In his 2000 improvisational comedy Best in Show, scenarist and director Christopher Guest plays Harlan Pepper, a good-natured soul from the rural south of America heading north so his bloodhound, Hubert, can compete at the prestigious Mayflower Kennel Club Dog Show in Philadelphia. Driving in his RV, Hubert ensconced behind him, the genial Harlan can’t help but talk to the camera shadowing him.
“I used to be able to name every nut that there was. It used to drive my mother crazy. She used to say, Harlan Pepper, if you don’t stop naming nuts…’ – and the joke was, of course, that we lived in Pine Nut, and I think that’s what put it in my head at that point,” notes the fly fishing shop owner from North Carolina. “So I’d go to sleep, she’d hear me in the other room and she would just start yelling. I’d say, ‘peanut... hazelnut... cashew nut... macadamia nut…’ That was the one that would send her going crazy. She’d say, ‘Harlan Pepper, you stop naming nuts!’…”
"It’s difficult to think of a milieu now that a mockumentary can explore that reality television hasn’t already annexed"
Guest’s monologue, so dry that it becomes deliriously funny, is a subtle way of sending up the politely conservative mindset of his character. Here is another version of Harlan Pepper, a bearded Louisiana native who makes his living creating duck calls – the whistle that attracts ducks to hunters – named Phil Robertson.
“The more make-up a woman wears the more she’s tryin’ to hide. Make-up can hide a lot of evil,” Phil will note to the camera shadowing him. Or: “if you can find a nice pretty country girl that can cook and carries her Bible, now there’s a woman.”
Phil has snappy lines whereas Harlan delivers lived-in monologues, which is somewhat odd given that Phil Robertson is actually a real person. Along with his eccentric extended family, Phil stars in Duck Dynasty, the hit American reality television series about the Robertson family and the duck call business.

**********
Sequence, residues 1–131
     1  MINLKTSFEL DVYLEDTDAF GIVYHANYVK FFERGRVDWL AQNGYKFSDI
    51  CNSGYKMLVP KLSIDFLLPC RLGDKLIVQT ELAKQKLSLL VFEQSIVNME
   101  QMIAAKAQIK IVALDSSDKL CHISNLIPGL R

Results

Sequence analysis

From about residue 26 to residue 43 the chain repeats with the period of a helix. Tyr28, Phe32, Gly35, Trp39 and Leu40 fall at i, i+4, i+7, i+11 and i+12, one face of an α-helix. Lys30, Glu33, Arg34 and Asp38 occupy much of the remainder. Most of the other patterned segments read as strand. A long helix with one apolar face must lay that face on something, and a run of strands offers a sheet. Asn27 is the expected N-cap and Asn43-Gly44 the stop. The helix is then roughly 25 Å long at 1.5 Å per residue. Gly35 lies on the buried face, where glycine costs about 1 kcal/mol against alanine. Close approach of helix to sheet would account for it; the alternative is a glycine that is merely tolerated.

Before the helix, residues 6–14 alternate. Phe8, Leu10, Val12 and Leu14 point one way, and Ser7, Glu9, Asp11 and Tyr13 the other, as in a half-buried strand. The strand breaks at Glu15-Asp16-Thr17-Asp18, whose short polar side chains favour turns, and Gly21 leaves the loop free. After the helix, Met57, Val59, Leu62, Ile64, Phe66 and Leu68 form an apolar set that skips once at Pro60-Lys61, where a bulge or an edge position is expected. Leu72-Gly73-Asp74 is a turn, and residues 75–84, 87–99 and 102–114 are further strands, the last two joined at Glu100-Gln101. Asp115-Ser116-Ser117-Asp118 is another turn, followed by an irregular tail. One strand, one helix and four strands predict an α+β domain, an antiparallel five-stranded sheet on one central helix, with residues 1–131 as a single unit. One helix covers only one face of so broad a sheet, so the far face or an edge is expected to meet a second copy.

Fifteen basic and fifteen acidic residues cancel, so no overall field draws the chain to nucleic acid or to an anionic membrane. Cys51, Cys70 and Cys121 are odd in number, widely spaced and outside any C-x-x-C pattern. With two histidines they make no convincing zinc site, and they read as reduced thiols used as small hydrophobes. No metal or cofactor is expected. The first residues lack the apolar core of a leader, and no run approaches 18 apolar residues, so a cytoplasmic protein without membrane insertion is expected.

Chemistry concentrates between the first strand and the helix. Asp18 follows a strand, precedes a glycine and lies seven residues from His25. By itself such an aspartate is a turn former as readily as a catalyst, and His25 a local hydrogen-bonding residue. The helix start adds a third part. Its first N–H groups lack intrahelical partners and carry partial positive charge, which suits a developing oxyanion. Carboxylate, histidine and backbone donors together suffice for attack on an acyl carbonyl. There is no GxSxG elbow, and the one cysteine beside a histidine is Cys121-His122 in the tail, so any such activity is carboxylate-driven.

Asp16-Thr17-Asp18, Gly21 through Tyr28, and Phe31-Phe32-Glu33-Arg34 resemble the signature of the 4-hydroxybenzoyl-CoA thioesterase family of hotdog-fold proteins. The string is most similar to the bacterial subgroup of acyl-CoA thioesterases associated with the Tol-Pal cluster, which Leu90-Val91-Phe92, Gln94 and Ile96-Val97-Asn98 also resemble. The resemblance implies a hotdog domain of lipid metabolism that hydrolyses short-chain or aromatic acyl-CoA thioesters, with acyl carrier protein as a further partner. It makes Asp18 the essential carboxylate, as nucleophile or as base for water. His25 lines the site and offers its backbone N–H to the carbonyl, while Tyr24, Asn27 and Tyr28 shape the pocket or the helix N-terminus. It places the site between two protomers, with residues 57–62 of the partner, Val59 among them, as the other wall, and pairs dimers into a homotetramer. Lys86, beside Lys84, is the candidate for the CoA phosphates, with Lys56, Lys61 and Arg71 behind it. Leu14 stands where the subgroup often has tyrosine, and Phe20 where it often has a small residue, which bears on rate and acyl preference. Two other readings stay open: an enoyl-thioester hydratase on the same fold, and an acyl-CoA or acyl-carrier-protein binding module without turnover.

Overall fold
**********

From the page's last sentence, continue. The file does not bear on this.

The pair’s convergence is a prime example of how the mockumentary’s comic power and observational charm has been eroded to the point of replacement. As much as he dislikes the word, Guest has been the celebrated godfather of the mockumentary, but the co-creator of Spinal Tap and the helmsman of Waiting For Guffman, A Mighty Wind, For Your Consideration and the aforementioned Best in Show has been edged out of his unique position by the seemingly endless procession of reality show goofballs and their attention-seeking escapades.
It would appear that any situation writers such as Guest and Eugene Levy can come up with for their troupe of improvisational comedic actors can be easily topped by the inhabitants of a reality show. Guest’s Corky St. Clair, the somewhat deluded Broadway hanger-on directing a community theatre production in small town Missouri in 1996’s Waiting for Guffman, has nothing on Lee “Poodle” Thompson, the gay uncle of reality television tot Alana “Honey Boo Boo” Thompson, star of Here Comes Honey Boo Boo.